Long Time Gone will be released on 21 May 2024 in most countries.

Thanks to the publisher and NetGalley for a copy of the book for review.

For those after a good old-styled 1980s PI novel, Peter Colt’s The Judge (Severn House, 7 May 2024) certainly delivers the goods.

Set in Boston in 1985, it opens with ex-military operative turned private investigator Andy Roark, being offered a new job. Boston judge Ambrose Messer is being blackmailed, and he needs Roark’s help to stop the culprit.

Messer is judging the bench trial of a chemical company accused of knowingly dumping chemical waste in an unsafe manner, causing birth defects and cancer. The evidence against them is overwhelming, but the message from the blackmailer is clear: If you don’t want the world to know your secret, the chemical company wins. Messer doesn’t want to let a threat corrupt his judgement, but then again, he could lose everything if his secret comes out.

Roark agrees to the job and quickly plunges into action, determined to find the blackmailer before it’s too late. But the disturbing, unexpected revelations he uncovers make him a target of some very dangerous people, who soon seem determined not only to wreck the life of his client, but to destroy Roark’s too.

This is a very competently done and entertaining PI novel. The plotting is a bit formulaic, but Roark is a good narrator and there are some decent surprises, and gunfights, along the way to the exciting conclusion. The 1980s milieu is nicely evoked, and Colt’s descriptions really make you feel the cold and slippiness of a Boston winter.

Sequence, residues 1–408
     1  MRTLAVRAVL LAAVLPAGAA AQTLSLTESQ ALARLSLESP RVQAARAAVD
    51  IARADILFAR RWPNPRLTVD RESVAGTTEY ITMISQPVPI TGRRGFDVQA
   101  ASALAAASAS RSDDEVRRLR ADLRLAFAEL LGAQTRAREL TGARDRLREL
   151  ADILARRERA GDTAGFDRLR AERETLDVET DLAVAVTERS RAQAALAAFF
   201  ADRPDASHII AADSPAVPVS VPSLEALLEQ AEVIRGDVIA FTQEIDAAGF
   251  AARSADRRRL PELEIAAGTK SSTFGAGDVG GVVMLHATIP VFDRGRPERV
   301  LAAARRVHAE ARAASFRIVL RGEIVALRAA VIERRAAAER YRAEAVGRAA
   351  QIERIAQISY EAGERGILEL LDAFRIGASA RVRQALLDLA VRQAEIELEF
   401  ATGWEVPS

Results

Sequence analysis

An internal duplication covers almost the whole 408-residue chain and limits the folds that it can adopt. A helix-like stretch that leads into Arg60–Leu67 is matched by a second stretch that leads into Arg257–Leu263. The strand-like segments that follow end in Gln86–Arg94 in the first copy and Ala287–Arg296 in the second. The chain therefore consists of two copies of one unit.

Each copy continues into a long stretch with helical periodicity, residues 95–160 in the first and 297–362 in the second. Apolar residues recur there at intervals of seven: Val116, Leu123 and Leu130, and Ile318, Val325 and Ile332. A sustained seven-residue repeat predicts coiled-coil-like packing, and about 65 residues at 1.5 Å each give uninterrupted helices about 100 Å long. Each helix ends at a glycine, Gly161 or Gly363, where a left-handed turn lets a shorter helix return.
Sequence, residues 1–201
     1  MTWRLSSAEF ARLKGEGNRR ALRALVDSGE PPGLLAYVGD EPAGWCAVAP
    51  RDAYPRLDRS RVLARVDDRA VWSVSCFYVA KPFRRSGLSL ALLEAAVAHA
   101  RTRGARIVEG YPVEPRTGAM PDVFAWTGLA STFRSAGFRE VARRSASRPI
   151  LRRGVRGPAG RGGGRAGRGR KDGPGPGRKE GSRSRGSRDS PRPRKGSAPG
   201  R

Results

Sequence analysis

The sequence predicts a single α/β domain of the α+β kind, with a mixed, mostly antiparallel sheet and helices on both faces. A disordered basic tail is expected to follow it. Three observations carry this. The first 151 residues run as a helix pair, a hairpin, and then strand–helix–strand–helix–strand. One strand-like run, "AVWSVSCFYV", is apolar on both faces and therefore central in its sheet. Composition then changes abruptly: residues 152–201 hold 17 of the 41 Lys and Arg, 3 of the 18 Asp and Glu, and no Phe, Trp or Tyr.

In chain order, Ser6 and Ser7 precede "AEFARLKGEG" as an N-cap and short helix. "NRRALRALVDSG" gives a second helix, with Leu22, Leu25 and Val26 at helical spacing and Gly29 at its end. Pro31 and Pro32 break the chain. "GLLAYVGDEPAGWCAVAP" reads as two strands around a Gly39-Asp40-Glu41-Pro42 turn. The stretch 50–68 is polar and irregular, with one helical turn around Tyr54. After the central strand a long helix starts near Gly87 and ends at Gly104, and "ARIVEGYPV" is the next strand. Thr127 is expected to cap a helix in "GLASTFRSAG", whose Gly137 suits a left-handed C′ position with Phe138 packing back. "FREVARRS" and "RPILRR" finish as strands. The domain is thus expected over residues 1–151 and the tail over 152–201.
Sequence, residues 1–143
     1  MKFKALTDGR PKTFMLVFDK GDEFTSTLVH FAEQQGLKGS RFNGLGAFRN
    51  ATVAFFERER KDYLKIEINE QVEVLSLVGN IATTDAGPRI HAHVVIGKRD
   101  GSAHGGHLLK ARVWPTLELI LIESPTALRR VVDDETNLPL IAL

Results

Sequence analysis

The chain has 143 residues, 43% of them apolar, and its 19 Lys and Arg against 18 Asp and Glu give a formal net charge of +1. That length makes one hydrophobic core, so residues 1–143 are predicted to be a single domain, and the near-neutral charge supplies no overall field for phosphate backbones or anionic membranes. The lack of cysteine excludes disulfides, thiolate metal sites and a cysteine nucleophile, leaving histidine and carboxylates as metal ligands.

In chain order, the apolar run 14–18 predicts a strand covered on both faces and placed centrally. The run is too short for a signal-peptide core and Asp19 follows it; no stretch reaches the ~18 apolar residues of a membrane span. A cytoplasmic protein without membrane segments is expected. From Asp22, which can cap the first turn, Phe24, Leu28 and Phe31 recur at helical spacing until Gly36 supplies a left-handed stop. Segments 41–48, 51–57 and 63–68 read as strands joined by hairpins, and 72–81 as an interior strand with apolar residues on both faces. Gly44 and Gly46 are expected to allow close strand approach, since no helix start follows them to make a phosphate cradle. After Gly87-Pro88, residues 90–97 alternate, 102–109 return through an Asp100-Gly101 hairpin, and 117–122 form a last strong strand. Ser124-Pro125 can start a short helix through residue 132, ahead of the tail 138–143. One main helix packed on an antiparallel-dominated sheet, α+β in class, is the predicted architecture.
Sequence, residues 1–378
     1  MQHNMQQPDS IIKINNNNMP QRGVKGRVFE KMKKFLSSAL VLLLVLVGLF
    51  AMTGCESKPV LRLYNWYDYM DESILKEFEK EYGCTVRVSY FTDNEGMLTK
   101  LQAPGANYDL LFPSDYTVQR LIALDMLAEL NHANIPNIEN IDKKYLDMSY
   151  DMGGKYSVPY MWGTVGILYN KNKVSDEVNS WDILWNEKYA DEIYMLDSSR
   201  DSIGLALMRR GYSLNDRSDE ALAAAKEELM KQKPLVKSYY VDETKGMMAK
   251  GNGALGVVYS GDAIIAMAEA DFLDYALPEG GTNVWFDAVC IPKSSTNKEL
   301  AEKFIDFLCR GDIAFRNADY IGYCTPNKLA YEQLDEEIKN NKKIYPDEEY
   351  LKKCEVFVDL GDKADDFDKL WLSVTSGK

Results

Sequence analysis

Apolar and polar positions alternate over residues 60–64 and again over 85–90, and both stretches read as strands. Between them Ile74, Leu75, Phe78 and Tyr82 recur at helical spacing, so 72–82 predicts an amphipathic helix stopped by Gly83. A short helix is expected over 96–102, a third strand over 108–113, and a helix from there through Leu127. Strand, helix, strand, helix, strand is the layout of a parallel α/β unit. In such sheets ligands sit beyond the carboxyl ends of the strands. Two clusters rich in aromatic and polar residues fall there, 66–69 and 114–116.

An enjoyable, quick read that reminded me of the better PI novels written in the 1980s by authors like Robert Parker and Les Roberts. I also really liked the ‘drone view’ cover.

The Judge was released in the United Kingdom and the United States on 7 May 2024, and should be available in Australia from the usual online sources.

Thanks to the publisher and NetGalley for a copy of the book for review.

Hunted by Abir Mukherjee (Harvill Secker, 9 May 2024)

Abir Mukherjee heads down a different path with his latest book, Hunted, (Harvill Secker, 9 May 2024).

I have enjoyed those of Mukherjee’s historical Indian thrillers that I have read, and Hunted combines the social consciousness of those stories with an up-to-date thriller plot.

It is a week before the presidential elections when a bomb goes off in an LA shopping mall.

In London, armed police storm Heathrow Airport and arrest Sajid Khan. His daughter Aliyah entered the USA with the suicide bomber, and now she’s missing, potentially plotting another attack. But then a woman called Carrie turns up at Sajid’s door after travelling halfway across the world. She claims Aliyah is with her son Greg, and she knows where they could be.

Back in the US, Agent Shreya Mistry is closing in on the two fugitives. But as she investigates, she comes to realises that there is more to this case than meets the eye, and she begins to suspect a wider conspiracy. Hunted by the authorities, the two parents are thrown together in a race against time to find their kids before the FBI does, and stop a catastrophe that will bring the country to its knees.

Hunted is a well written and gripping thriller that tackles some difficult issues in an attention grabbing way. The plotting is intricate and interesting, and the book builds to a tense conclusion. There are some insightful reflections on the modern society, and the characters are well fleshed out and convincing, although not terribly likeable.

This was a solid read for me, although I think prefer the more engaging tone of Mukherjee’s earlier books.

Hunted was released on 9 May 2024 in most locations.

Thanks to the publisher and NetGalley for a copy of the book for review.

So a really mixed selection of books. Of the four, Charlie Donlea’s Long Time Gone was my favourite, although I also have a soft spot for Peter Colt’s The Judge because of the reading memories it evoked.